Offering up a demo version of their song ‘Pray’, which Helmer found on an unmarked cassette in a shoebox, the single sparked a demand for more.

“People started asking, ‘well, when you going to play?’ and ‘why don’t you play?’, and then we started to get excited, and we looked at each other and just went, ‘well, why don’t we play?’,” Helmer says.

Solidifying their return, Greenhouse released an official video for ‘Pray’ and scored support slots for The Earthmen at Lulie Tavern and the Underground Lovers at The Brunswick Ballroom back in March.

Performing to sold-out crowds thanks to the Sound As Ever community, roaring through old and new material as if they’d never been away, Greenhouse is now gearing up for perhaps their most significant gig to date.

Taking to the former Zigfrid’s venue on Pakington Street, the band are coming full circle to where it all began, performing their first headline show since the ‘90s where they would regularly appear at the likes of The Barwon Club, The Nash, The Lyric, The old Geelong Hotel and even Deakin University.

“We had to play Geelong; it’s got to come full circle,” says Robinson, also referring to the single from their 1990 EP Full Circles / Travel Agent.

“Even though we didn’t play our first gig back in Geelong, this will be our first headline show in a long time. It’s our gig and we’re coming down to Geelong because this is where it started for us and where people first responded, this is where we first got into trouble for putting posters on light poles,” he laughs.

“We want to see people that we used to see and people that we haven’t seen!”

It’s quite clear people want to see them too, with the gig selling out more than a week in advance.

Making this truly a night to remember, Greenhouse will be joined by a special guest – the wonderful Nick Batterham, a creative force in the ARIA-nominated Earthmen, known to Geelong especially for his music on the recent Rone in Geelong exhibition. A voice described by Rolling Stone as “an almost other-worldly instrument of beauty,” the famed Melbourne artist will be celebrating the release of his sixth studio album Lovebirds, which will be out this Friday, May 21, giving the lucky ticket holders something else to be excited about.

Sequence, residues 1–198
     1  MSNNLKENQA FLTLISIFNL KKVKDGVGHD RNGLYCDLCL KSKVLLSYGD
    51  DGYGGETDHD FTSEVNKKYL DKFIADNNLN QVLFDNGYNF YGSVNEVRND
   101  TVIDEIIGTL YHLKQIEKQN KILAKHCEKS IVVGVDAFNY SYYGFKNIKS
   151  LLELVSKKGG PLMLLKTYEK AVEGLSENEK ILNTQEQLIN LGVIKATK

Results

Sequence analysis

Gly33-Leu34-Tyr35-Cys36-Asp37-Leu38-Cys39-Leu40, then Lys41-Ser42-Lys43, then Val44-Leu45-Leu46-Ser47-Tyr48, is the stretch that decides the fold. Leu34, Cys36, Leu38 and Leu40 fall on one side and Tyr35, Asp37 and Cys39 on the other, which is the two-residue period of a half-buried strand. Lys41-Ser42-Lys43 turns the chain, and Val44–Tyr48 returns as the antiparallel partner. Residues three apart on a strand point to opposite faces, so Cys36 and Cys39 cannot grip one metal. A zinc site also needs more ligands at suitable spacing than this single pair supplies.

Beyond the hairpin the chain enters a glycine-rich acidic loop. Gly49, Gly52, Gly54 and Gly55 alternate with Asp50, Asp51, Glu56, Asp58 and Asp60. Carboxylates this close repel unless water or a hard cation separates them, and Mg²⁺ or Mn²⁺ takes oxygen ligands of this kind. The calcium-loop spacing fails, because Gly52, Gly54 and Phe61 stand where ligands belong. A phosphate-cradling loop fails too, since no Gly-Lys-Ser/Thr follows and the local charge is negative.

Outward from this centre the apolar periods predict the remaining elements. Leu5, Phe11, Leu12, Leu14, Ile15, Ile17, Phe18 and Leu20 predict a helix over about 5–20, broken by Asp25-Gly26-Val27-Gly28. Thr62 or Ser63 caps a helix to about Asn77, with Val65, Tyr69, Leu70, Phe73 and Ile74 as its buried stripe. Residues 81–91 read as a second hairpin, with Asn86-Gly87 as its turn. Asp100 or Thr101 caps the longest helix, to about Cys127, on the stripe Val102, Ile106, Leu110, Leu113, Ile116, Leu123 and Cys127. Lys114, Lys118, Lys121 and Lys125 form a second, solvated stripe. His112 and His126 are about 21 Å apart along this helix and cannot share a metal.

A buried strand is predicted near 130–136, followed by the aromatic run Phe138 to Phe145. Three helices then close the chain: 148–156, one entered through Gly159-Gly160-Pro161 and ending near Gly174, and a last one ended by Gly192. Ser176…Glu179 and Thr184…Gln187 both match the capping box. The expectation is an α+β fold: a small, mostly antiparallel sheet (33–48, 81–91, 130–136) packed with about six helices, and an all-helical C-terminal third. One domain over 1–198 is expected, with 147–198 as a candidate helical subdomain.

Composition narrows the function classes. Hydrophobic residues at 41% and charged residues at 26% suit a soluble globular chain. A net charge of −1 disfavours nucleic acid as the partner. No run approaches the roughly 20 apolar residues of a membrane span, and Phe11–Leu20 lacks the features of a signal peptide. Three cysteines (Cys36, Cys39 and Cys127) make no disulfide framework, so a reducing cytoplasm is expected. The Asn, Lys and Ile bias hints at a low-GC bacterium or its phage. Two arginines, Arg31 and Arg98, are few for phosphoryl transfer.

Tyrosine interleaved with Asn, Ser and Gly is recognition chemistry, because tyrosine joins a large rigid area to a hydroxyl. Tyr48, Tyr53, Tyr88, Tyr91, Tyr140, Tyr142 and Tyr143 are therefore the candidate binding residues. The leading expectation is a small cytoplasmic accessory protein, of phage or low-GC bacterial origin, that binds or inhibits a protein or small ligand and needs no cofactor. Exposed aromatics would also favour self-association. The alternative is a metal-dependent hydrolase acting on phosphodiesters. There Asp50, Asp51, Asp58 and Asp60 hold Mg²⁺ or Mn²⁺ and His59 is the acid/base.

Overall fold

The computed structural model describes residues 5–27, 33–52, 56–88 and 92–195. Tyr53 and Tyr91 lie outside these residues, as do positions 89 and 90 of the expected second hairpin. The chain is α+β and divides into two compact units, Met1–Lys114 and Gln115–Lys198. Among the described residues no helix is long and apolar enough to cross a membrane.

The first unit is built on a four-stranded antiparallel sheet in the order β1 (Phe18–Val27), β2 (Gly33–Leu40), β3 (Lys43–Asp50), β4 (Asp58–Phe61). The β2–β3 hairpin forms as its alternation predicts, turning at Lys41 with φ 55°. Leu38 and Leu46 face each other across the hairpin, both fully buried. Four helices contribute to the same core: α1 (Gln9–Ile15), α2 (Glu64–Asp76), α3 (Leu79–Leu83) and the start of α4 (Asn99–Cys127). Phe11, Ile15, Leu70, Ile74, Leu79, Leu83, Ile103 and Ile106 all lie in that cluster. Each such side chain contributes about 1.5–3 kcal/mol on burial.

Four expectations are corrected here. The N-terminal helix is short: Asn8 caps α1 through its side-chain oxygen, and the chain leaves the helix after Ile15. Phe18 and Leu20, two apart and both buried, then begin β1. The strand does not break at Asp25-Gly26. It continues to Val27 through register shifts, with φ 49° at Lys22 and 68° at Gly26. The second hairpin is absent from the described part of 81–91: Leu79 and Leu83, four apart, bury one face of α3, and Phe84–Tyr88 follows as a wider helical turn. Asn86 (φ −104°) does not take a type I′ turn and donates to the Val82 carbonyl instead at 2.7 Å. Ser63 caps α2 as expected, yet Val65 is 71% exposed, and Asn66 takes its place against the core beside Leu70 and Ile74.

While playing live in Geelong is important to Greenhouse, the main driver for the gig is to raise funds for the creation of their upcoming album, which will be recorded in two parts.

The first is a retrospective album featuring the band’s previous releases, ‘Pray’, and live versions from Live at the Wireless on triple j which is due for release in July this year, around Galloway’s birthday.

The second will be the long-awaited debut album, featuring new tracks and unheard material from 1991 that the band never got to record.

Recording in Robinson’s off-grid studio in Wombat Forest, the band are ensuring they’re giving this album the best chance they can, enlisting the talents of Barny Barnicott, one of the UK’s leading Mixers and Producers, known for his work with artists from Kasabian, Arctic Monkeys and Temper Trap, to Coldplay, The 1975 and Sam Fender.

“If we’re going to do this, we’re going to do it properly,” Helmer says. “We could do a ‘Mickey Mouse’ album and release that, but that’s not what we’re about. It’s got to sound right and we’re having a real dip at making it sound the best we can.

“We’re on a mission. We really want this to be something we’re proud of.”

27 years later, you can bet this album will be one for the books.

All proceeds from the forthcoming gig will contribute directly to the production costs of Greenhouse’s debut album.

The sold-out gig goes down on Saturday, May 22 at Zigfrids – 66 Pakington Street, Geelong West. Unfortunately, tickets are no longer available through the website or Moshtix. The band are encouraging punters to post ticket requests on the event page, or hit up the band on Facebook.